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Ricky Martin Praises Pope, Dies Online, Releases New Album

An interview with the 43-year-old Latino singer reveals a more serene relationship with fame, fatherhood and a growing thirst for tango.

Ricky Martin performing in Ciudad del Carmen, Mexico, in October
Ricky Martin performing in Ciudad del Carmen, Mexico, in October
Marina Zucchi

BUENOS AIRES — Ricky Martin died in January; he read the news himself and watched footage of the "tragic" accident that had killed him on YouTube. The reports would have caused consternation and outright grief among quite a few on this planet, if they hadn't of course been fake.

As for Martin, he responded with humor, posting pictures of himself up in the afterlife. "You have to laugh. That's why I posted the "Heaven" pictures." Right now, he's more focused on promoting a new album, his 10th, called A Quien quiera escuchar (To Whoever Will Listen).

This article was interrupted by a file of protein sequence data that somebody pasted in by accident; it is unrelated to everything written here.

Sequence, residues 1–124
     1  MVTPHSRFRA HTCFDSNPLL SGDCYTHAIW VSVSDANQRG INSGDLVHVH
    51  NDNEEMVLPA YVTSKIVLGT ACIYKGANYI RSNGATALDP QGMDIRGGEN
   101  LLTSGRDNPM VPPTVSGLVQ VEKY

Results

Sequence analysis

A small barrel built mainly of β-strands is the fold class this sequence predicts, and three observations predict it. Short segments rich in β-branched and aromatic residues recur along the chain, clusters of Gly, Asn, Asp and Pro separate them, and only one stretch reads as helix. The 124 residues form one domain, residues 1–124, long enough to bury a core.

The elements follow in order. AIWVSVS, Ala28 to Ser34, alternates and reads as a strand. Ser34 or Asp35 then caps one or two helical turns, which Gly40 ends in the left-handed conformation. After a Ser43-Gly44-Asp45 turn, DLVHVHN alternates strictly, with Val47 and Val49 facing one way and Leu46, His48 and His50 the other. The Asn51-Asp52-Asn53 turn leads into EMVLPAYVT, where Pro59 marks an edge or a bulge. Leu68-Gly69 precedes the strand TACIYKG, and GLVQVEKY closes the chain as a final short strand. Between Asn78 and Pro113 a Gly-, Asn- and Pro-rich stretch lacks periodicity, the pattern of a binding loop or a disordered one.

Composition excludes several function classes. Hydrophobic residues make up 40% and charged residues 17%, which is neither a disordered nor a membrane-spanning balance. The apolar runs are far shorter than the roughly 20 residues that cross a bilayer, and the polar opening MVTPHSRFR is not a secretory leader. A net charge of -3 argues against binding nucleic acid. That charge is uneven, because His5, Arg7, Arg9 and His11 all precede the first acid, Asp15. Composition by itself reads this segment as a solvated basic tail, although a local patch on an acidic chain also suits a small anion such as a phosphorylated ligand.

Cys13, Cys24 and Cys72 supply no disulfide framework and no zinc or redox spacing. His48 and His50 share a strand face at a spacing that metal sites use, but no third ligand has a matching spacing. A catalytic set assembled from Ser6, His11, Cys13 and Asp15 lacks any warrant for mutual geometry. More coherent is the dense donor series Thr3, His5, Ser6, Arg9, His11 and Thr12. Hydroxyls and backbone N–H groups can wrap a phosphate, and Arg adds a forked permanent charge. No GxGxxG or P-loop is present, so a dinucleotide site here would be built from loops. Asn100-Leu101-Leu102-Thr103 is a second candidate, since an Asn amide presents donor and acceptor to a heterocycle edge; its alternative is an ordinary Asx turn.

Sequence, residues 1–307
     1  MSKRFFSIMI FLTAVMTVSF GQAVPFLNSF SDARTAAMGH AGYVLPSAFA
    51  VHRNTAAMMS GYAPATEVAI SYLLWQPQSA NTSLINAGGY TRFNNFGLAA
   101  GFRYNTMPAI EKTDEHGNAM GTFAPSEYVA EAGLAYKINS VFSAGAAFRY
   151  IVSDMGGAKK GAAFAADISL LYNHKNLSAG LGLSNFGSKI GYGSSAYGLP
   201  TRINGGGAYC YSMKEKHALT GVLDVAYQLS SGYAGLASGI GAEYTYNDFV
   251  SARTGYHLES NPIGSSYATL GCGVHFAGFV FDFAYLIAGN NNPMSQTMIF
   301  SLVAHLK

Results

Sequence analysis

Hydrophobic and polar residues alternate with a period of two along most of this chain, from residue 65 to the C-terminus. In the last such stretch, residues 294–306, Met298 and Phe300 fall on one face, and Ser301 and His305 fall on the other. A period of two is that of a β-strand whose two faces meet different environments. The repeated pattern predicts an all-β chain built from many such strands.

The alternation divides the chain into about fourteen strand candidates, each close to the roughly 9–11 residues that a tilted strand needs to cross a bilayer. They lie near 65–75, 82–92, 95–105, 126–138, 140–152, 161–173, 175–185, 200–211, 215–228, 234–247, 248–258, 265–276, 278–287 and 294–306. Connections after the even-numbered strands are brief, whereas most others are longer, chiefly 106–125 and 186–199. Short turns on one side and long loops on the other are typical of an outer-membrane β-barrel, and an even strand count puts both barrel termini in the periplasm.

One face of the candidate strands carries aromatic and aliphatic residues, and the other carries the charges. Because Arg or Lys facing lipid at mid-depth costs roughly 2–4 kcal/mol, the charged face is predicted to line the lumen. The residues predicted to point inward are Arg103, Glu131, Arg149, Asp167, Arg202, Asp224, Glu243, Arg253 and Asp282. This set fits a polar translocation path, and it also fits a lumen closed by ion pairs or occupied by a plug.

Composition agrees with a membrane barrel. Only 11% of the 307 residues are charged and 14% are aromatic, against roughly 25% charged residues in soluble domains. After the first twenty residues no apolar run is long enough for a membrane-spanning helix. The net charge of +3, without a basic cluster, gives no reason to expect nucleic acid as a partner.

"It's a return to tenderness but it also has fun being wild — a symbiosis of syrup and sexuality, somewhere between ecstasy and melancholy," he tells Clarin."That's what life is like. If you're always really cheerful, you're probably on drugs! If you're always sad, you're depressed, you need help. Life is full of ups and downs. My mission in recent years has been to be specific with emotions and speak in a transparent and vulnerable way. Without fearing what they'll say. That freedom is in this album."

Some of the girls in Ricky Martin's official fan club, apparently better informed than the Argentine intelligence service, told Clarín that the singer does not like being called by his middle name José. That he is left-handed (not left-wing though), hates his feet and celery. He may have patched things up with his former partner, Carlos, though he will not shed light on it in our interview.